Belfast Telegraph

Northern Ireland councils plan day off for all in European Capital of Culture bid

By Staff Reporter

Details of Belfast's bid to become a European Capital of Culture 2023 have been leaked.

A BBC report reveals that the uncosted City Council draft bid document called #WeAre2023 - prepared in association with Derry and Strabane Council - contains a host of fascinating proposals, including:

• A forest of trees on Royal Avenue from Belfast City Hall to Ulster University's Belfast campus.

• An Anthony Gormley sculpture on the Glenshane Pass.

• A new arts festival in Londonderry called New Norths.

• A carnival marking the 1932 outdoor relief strike in Belfast.

• Portraits of people dancing projected on landmark buildings in Belfast and Derry for all of 2023.

• A national #loveto day in 2023 when businesses would give staff a day off to go to a cultural event.

• A series of "bothiesetails on the border" where artists would work.

• A project called homebots that would train teachers to help pupils build domestic robots.

Cities in both the UK and Hungary are due to be awarded the title in 2023, and Belfast, Dundee, Milton Keynes, Leeds and Nottingham have formally submitted their bids. While the UK will no longer be a member of the European Union by 2023, Belfast City Council still hopes the bid has a chance of success. The UK Government has been eager to point out that three non-EU cities have held the title in the past - Reykjavik in 2000, Stavanger in 2008, and Istanbul in 2010 - with the host cities only required to show a "strong European dimension" to their cultural programmes.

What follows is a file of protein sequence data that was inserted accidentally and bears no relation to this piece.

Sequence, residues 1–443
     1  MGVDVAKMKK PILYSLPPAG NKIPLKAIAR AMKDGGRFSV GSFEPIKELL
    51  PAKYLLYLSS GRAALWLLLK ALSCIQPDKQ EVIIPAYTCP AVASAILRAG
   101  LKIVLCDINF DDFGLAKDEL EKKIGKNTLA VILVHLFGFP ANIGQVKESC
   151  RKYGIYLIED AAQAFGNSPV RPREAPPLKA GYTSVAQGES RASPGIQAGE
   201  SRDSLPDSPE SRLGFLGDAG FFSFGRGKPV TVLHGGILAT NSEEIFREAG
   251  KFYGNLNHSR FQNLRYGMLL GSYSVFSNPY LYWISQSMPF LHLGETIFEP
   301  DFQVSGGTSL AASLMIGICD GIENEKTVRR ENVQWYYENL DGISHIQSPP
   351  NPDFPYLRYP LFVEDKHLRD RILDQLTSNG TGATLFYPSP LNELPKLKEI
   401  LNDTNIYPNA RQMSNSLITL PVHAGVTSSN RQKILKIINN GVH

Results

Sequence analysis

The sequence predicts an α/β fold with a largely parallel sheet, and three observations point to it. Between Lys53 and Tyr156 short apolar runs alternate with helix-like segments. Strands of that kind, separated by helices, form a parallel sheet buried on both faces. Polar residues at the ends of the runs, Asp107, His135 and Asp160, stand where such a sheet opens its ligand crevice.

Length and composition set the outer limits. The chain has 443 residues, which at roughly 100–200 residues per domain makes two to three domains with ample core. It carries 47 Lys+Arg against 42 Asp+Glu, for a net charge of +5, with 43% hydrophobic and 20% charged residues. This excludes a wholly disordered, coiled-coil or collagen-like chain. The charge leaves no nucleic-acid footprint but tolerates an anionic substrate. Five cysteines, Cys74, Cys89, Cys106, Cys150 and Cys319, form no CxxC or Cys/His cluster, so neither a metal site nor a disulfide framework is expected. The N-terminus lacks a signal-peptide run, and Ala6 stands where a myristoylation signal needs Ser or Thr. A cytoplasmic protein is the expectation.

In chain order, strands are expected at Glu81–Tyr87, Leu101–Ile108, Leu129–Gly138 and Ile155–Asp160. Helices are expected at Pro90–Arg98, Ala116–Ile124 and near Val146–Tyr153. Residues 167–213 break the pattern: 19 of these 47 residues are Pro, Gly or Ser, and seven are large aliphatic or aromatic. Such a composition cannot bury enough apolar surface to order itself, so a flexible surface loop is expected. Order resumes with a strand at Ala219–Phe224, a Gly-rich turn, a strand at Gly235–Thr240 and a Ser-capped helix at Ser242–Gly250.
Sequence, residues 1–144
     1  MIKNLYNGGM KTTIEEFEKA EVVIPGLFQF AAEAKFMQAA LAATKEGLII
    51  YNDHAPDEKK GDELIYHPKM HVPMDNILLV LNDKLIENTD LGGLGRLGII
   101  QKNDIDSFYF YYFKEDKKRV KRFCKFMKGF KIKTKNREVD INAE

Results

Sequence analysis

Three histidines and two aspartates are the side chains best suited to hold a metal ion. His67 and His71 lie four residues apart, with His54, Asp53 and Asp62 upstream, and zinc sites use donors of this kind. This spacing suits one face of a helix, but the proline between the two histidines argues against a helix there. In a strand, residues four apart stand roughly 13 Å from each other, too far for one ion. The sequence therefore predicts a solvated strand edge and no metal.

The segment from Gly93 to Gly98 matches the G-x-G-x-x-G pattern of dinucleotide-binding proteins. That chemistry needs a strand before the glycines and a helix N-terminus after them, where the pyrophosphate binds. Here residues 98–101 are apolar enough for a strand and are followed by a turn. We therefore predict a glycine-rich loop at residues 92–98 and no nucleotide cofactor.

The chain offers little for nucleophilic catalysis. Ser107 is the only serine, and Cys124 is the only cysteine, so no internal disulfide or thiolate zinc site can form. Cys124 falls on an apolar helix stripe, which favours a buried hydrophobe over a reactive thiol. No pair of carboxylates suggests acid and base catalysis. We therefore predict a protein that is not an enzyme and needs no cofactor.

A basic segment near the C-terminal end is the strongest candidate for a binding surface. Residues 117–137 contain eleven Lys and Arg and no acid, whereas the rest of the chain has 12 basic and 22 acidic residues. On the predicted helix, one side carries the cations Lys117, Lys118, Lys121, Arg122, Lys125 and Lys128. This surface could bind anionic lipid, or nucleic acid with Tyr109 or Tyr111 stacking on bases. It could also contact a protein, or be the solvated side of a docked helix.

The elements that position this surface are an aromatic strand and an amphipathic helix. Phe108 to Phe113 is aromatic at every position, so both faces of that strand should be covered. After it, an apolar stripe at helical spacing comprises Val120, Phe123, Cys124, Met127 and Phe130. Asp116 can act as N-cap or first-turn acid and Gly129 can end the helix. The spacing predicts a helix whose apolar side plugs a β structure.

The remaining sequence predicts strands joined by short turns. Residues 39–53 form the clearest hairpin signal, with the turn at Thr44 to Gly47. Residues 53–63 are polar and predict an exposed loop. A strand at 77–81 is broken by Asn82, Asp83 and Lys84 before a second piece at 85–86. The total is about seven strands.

If the bid is successful Belfast and Derry would follow Glasgow and Liverpool in receiving the prestigious title.

In a statement, Belfast City Council said: "ECOC 2023 is a highly competitive process and we will not give a detailed comment at this stage, especially as the timing is so crucial and ahead of the decision by the judging panel and the pitch that is taking place on November 28.

"We are disappointed that the BBC would choose to publish details of a confidential competitive document and potentially put at risk the chances of securing this important accolade that could bring significant and once in a lifetime opportunities."

It is understood that a shortlist is likely to be announced by the end of this year.

Belfast Telegraph

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